Randy Dotinga in The Christian Science Monitor:
If you grew up in South Asia, the lush 17th-century romance of a captivating young widow and a Moghul emperor is likely as familiar to you as Romeo & Juliet are in the West. They meet, and she wows the ruler of tens of millions of people with her beauty, wit, and fearlessness. Wise and savvy, she becomes his beloved 20th wife and goes on to live an extraordinary life. She writes poetry, designs gardens and buildings, and even saves a village by hunting down and killing four dangerous tigers with six shots. That’s as far as the legend and the history books tend to go. But there’s much more to the story, as historian Ruby Lal reveals in her fascinating new book Empress: The Astonishing Reign of Nur Jahan.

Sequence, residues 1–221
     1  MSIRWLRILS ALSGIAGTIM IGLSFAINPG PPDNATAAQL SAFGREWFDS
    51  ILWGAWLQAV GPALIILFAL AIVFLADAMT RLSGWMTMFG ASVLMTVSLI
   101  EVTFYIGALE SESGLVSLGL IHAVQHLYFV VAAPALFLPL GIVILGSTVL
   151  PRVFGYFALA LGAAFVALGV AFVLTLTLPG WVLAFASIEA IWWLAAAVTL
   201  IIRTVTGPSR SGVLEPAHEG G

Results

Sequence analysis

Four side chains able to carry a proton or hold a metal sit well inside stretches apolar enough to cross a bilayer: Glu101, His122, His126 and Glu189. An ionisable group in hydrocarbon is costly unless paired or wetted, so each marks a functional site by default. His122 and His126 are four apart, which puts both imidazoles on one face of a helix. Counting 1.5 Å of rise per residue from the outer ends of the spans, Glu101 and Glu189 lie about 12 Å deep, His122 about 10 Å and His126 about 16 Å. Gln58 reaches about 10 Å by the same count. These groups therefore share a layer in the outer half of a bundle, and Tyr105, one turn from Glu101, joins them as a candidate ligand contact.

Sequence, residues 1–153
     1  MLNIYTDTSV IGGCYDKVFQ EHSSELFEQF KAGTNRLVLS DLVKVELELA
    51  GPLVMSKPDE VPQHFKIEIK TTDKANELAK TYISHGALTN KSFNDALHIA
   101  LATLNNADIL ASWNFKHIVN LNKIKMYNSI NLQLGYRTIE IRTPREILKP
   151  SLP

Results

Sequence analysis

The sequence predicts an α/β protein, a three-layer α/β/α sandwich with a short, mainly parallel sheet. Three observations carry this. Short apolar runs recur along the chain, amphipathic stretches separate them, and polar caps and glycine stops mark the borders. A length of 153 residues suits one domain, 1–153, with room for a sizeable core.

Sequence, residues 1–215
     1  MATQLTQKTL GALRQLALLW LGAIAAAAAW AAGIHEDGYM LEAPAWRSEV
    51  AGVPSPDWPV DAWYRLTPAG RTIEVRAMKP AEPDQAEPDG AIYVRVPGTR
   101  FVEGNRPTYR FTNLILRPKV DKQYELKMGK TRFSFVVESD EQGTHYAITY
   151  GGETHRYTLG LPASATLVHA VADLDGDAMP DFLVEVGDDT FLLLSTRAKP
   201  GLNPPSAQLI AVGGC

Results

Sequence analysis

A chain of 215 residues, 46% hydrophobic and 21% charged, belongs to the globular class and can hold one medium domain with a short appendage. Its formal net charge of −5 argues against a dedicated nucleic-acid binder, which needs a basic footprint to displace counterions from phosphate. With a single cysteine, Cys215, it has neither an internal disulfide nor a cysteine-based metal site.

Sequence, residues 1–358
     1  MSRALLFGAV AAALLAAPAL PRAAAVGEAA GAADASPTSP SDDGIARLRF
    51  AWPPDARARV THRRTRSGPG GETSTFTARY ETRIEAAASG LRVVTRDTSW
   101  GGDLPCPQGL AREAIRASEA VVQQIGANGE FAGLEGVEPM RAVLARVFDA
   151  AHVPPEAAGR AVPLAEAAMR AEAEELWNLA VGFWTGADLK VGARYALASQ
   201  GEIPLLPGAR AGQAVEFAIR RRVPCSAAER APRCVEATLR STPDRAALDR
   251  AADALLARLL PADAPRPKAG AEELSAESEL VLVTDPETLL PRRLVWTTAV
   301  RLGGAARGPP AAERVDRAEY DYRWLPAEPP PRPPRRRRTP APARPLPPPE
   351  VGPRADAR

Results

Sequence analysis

While some historians dismiss the idea that Nur Jahan was anything but a royal consort, Lal contends that she served as co-sovereign with her husband while living in a harem. In a culture of male dominance, Lal writes, “a new kind of power was on display.” “The basic facts,” Lal said in a Monitor interview, “are pretty astounding. To put it plainly, she was the one woman we can count among the great rulers of India.”
Q: What drew you to Nur Jahan, a Shiite Muslim from an immigrant Iranian family who marries a Sunni Muslim who is half-Hindu?
This is a woman who was clearly bold, independent, and very inventive in challenging the norm in quite extraordinary ways. For me as a historian of India, the empress is not an add-on. She is the story of India. Once you know about people like her, you turn your head and see things differently. You see a place of creative, living, dynamic, influential women.